Friday’s colourful and vibrant protest addressed these issues and more. On November 27, 2018 GCM Resources claimed to have signed a memorandum of understanding (MoU) with Power China to develop a giant coal mine in Phulbari and to build a 6000 MW power plant. This news has made protesters angry.
An eye witness to the Phulbari shooting and the spokesperson of the Phulbari Solidarity Group, Rumana Hashem has conveyed a petition signed by 134 community leaders from Phulbari challenging GCM’s so called MoU with China Power. Dissident shareholders were to hand in the petition to GCM’s chairman Michael Tang. But Tang was not in attendance. Activists say that Tang was worried about the protest.
The protest was co-organised by the Phulbari Solidarity Group, Reclaim the Power and the Committee to Protect Resources of Bangladesh – UK branch of the Bangladesh National Committee. They were joined by Foil Vedanta, London Mining Network, Extinction Rebellion, Cambridge Zero Carbon Society, Christian Climate Action, 350.org South Asia, and Udichi Shilpi Gosthi, UK.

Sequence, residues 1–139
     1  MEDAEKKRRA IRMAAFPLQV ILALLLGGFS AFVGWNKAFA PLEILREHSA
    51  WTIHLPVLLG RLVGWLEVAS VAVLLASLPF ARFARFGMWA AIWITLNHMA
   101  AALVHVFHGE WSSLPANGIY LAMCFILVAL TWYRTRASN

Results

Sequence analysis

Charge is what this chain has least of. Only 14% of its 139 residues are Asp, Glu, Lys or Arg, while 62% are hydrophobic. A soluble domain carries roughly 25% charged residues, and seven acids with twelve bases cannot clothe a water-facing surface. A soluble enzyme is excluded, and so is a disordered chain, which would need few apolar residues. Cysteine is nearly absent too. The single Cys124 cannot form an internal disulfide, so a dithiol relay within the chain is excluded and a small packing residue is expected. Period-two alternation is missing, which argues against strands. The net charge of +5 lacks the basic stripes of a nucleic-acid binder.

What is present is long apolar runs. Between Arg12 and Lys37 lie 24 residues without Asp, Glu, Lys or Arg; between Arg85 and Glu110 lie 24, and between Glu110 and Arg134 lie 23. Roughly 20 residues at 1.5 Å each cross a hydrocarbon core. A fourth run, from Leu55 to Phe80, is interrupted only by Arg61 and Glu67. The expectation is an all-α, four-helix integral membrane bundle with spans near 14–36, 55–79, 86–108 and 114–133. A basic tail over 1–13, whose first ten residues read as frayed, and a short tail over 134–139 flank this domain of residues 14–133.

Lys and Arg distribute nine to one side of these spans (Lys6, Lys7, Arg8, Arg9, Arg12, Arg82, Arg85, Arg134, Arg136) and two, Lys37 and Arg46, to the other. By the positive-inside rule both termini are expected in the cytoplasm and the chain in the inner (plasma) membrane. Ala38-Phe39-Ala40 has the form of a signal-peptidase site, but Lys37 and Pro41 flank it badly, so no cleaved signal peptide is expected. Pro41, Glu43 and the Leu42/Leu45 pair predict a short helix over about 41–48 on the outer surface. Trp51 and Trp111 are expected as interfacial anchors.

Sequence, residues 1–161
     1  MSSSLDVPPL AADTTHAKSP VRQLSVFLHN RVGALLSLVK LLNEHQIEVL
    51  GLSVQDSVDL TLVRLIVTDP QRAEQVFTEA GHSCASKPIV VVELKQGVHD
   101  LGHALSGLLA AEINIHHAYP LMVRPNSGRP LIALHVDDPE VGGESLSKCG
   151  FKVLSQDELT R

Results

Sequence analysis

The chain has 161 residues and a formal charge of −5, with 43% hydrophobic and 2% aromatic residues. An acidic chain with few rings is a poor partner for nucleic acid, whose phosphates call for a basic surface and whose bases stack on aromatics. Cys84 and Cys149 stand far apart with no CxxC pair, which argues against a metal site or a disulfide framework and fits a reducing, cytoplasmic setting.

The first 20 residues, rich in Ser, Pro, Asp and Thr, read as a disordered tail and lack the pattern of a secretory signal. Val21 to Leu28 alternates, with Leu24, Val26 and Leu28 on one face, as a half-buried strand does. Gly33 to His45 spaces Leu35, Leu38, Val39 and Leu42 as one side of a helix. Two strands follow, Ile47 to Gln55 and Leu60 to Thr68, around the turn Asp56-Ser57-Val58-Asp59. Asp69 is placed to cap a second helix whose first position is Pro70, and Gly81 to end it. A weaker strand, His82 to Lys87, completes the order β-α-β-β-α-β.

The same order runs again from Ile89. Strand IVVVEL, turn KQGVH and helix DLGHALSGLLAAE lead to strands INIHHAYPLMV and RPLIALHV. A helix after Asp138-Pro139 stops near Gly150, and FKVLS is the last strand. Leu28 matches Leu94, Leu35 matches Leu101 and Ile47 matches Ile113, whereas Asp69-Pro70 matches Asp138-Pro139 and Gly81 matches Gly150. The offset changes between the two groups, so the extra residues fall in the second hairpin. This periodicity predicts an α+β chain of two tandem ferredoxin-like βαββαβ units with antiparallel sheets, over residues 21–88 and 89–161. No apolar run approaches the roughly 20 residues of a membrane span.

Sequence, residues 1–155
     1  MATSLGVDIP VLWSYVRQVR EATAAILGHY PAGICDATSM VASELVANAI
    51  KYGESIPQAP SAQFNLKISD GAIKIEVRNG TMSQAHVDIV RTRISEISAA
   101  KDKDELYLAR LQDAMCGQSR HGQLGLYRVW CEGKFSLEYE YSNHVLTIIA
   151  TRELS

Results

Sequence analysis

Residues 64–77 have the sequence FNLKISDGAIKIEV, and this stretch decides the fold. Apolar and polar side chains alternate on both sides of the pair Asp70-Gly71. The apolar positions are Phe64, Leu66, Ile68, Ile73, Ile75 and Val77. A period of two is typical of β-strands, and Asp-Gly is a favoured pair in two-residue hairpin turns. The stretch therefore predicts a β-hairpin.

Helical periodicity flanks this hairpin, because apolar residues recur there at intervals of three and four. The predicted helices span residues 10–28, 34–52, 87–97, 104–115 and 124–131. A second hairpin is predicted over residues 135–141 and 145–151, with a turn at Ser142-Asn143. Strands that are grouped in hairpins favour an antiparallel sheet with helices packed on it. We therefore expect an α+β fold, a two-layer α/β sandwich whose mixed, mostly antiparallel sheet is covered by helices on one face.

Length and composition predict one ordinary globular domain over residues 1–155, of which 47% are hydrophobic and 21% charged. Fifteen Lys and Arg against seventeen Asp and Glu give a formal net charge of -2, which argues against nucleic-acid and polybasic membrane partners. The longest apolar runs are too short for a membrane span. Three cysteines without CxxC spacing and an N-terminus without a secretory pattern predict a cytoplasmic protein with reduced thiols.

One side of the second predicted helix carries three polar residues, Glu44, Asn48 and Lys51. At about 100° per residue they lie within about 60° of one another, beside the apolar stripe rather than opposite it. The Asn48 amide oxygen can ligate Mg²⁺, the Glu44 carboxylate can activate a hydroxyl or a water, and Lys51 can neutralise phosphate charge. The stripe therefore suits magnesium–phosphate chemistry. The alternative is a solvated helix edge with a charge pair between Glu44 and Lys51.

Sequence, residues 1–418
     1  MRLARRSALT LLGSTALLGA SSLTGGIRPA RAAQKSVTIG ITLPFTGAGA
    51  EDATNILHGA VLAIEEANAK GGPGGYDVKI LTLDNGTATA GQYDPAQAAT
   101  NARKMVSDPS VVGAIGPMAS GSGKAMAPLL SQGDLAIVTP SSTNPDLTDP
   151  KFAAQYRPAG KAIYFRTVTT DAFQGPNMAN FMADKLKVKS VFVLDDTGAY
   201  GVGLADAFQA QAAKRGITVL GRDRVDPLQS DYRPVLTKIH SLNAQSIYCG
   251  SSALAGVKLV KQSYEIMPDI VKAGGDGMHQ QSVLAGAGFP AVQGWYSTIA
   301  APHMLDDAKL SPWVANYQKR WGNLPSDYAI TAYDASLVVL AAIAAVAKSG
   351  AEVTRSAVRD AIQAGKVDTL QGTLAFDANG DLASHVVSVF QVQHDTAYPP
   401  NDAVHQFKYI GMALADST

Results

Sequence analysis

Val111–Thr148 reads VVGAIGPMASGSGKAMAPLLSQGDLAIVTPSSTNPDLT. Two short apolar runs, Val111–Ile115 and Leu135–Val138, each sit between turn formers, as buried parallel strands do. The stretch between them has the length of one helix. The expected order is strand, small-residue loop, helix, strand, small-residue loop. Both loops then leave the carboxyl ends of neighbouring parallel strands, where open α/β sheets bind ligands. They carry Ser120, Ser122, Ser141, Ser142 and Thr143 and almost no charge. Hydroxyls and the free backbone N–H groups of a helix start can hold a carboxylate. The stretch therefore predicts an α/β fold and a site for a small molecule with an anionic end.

Three arrestees who passionately glued themselves to the entrance were released before 24 hours. They were charged with GBP 4000 for so called criminal damages. But the activists are proud to have joined and supported the Phulbari people. Extinction Rebellion said that they will fight the charges and provide legal supports to defend the activists during trial.
Currently Bangladesh produces very little of its electricity from coal and whilst many other countries in the world are looking to transitioning away from coal, the Bangladesh government is planning to massively expand energy production through coal. “ We have published an alternative plan for power generation that demonstrates there is no need to take disastrous path of coal mining and coal power plants to meet power demand in Bangladesh – said Akhter Sobhan Khan Masroor of the Committee to Protect Resources in Bangladesh.
Supporting the protest, Hoda Baraka, Global Communications Director of 350.org stated: